This process helps to eliminate conflicts from the beginning, reducing total project waste and requests for rework. Despite the importance of this process, it’s still relatively under the radar for contractors. In our report, only around half of the global contractors surveyed had a moderate or better familiarity with this Lean Construction process. Integrating it into your operations can give your company a significant leg up on the competition.

2. Pull Planning

Most projects in the construction industry follow a linear planning process. It begins in design and preconstruction, and time frames are only adjusted as issues occur during the process. Despite this planning style’s popularity, it can lead to many issues, including roadblocks, weak profit margins, employee burnout, and poor productivity rates.

Pull planning addresses some of the common issues experienced with linear planning. First, the team defines the final deadline. Then, they work backward to determine deadlines for key milestones, project phases, and handoffs. Teams can prioritize the most critical tasks and determine any dependencies between tasks. Weekly planning sessions and meetings are used to ensure the project plan stays on track.

3. Weekly Work Planning and Percent Plan Complete

Construction companies need an effective way to keep track of deadlines and pinpoint any risks for going over timeline and budget. After all, 70% of construction projects are over time and budget. The percent plan complete (PPC) technique and weekly work planning can help. PPC tracks the total percentage of assignments that have reached 100% completion. The metric is calculated by dividing the number of activities completed on the day stated by the total number of activities planned for the week.

Weekly work planning sessions integrate nicely with PPC to review progress, risks, and next steps. Without the planning sessions, there is a greater risk of delays, wasted resources and missed deadlines. To achieve the best results, include stakeholders from all levels. That way, each team will receive the information and guidance they need to maintain agility and adapt quickly to minimize interruptions.

The Most Notable Benefits of Lean Construction

What benefits can you expect from the core principles of Lean Construction and the methodology as a whole? Of course, the benefits will vary based on application, the current state of operations, company size and even location. However, the most common benefits usually fall into the following categories:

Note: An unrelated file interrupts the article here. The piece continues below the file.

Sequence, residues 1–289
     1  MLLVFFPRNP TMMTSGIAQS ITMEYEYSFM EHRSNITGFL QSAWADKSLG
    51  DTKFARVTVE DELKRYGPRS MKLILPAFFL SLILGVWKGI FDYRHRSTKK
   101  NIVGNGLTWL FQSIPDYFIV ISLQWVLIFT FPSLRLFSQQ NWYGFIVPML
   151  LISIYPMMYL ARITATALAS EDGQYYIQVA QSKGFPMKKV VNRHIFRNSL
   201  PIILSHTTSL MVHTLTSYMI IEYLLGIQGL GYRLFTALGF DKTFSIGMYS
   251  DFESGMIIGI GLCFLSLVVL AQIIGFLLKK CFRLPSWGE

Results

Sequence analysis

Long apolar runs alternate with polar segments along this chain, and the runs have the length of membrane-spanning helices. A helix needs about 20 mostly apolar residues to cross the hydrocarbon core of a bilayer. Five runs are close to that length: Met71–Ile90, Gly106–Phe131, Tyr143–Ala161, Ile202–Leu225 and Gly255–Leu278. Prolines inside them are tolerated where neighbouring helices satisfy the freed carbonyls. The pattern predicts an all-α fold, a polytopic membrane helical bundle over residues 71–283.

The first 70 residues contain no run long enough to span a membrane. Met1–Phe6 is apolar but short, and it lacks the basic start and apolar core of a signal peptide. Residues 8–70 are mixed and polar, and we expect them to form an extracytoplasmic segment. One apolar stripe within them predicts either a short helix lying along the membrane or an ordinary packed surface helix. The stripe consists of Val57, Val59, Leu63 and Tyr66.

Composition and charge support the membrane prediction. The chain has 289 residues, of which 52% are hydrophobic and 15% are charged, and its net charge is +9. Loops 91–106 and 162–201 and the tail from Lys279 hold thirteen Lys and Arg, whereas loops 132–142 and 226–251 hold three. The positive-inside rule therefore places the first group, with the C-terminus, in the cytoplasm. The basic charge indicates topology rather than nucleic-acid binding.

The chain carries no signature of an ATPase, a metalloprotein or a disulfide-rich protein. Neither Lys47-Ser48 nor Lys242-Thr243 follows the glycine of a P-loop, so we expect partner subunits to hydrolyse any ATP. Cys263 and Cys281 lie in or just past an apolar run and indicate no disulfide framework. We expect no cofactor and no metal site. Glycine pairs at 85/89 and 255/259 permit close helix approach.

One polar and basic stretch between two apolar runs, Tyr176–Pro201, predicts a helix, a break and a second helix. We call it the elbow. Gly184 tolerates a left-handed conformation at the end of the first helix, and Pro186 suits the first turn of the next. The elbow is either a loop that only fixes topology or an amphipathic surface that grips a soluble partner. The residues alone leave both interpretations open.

Higher Quality of Output and Operations

In the world of construction, you are what you build. Yet so many factors must be in sync to deliver a high-quality output. From processes to materials, everything needs to be communicated, understood and coordinated to ensure the best results possible. Lean Construction focuses on trust, respect and accountability throughout all aspects of the project at hand. Teams work together as a unit to uncover value, innovate, and align on the goals from the beginning of the project. Collaboration during the preconstruction process helps to prevent rework, conflict and costly issues on-site, all of which hold up production and can negatively affect the quality of output.

Enhanced Safety and Reduced Risks

Employees are the most valuable resource of any construction firm. The industry has been making strides to increase safety and reduce risks for employees’ well-being and for the firm itself. Leading firms realize that a safe jobsite is often a profitable jobsite. Lean Construction supports these efforts by emphasizing communication, collaboration and a safe, efficient work environment.

The Lean planning methods help reduce risks by empowering teams to monitor progress, identify potential risks and mitigate them as quickly as possible. Decision-makers are involved on the front end to address these matters quickly before they have lasting effects on the project. These methods also leverage both manual and automated review techniques to reduce indecent frequency rates.